Of course, there’s also the other option: write more books. (I’m working on it! I promise!) I’ve seen several places suggest that you shouldn’t bother marketing at all until you have at least 3 books out. And even My Facebook Ads Suck spends a lot of time calculating the value of a series, because a certain number of people who read book #1 will read everything the sequels. I only have one book out right now, and that seriously limits what I can do.

Ah well. One step at a time!

The Goodreads logo.I ran my first Goodreads giveaway back in October. I wrote about the experience here. I was pretty happy about it! I gave away 3 copies and 480 people put it on their to-read list. After one month, I haven’t seen any reviews (or sales) that I can attribute to it, but it only cost me $35 dollars.

All of that changed on November 29.

Here’s how it used to work.

Goodreads used to have one type of giveaway. You gave out print books. This cost nothing.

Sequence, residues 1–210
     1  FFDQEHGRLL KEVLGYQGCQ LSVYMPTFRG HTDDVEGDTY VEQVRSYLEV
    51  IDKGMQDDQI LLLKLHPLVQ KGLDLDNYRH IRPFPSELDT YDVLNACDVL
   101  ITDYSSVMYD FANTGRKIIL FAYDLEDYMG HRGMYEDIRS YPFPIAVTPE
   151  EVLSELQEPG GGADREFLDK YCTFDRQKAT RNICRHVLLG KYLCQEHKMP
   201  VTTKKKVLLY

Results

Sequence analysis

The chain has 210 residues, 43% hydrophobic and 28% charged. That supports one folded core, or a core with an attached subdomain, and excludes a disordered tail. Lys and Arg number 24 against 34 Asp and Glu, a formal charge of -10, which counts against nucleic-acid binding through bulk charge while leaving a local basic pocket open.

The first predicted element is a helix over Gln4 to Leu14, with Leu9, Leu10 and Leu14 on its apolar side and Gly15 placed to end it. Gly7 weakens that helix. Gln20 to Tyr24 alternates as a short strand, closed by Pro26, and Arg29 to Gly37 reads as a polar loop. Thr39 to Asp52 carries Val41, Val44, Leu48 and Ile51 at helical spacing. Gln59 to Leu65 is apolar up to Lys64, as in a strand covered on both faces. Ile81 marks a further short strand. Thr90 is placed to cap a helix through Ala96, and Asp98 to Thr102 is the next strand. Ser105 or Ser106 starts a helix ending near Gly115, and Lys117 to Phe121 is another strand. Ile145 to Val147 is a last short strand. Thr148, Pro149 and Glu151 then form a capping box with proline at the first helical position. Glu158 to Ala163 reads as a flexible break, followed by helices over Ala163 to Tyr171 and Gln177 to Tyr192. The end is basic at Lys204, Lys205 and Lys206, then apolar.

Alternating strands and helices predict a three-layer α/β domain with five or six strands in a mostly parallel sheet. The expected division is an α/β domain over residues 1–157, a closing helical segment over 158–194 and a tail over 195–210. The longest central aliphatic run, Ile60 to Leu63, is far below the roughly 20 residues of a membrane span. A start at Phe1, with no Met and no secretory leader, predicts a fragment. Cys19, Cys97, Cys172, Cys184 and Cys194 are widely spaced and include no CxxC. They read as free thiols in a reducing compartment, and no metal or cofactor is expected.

It wasn’t really $0 for an indie author, though. You had to buy your own print books. Then you had to buy shipping materials. Then you had to ship them.

Back in October, the Goodreads FAQ included a section on a not-yet-released feature: e-book giveaways. These, they said, would cost you $119. In exchange, you’d give away 100 free e-book copies.

But now Goodreads wants to charge for print giveaways.

On November 29, Goodreads unveiled something subtly different. Instead of what everyone expected (print books = free, e-books = $$$), Goodreads announced that ALL giveaways would cost money after January 9, 2018. The new pricing is:

  • $119 to give away up to 100 print or e-book copies
  • $599 for the same thing, but with special placement on a “Featured Giveaways” page.

But for print books, the rules are the same: you still have to ship them yourself.

This is not good for indie authors. Or small presses. Or most people, really.

For a small-time author, this is disappointing.

You used to be able to run small giveaways. You wanted to give away 2 books? Sure, have fun. You get some promo, you get some attention, and you can spend less than $20 or $30, depending on how cheaply you can get your books.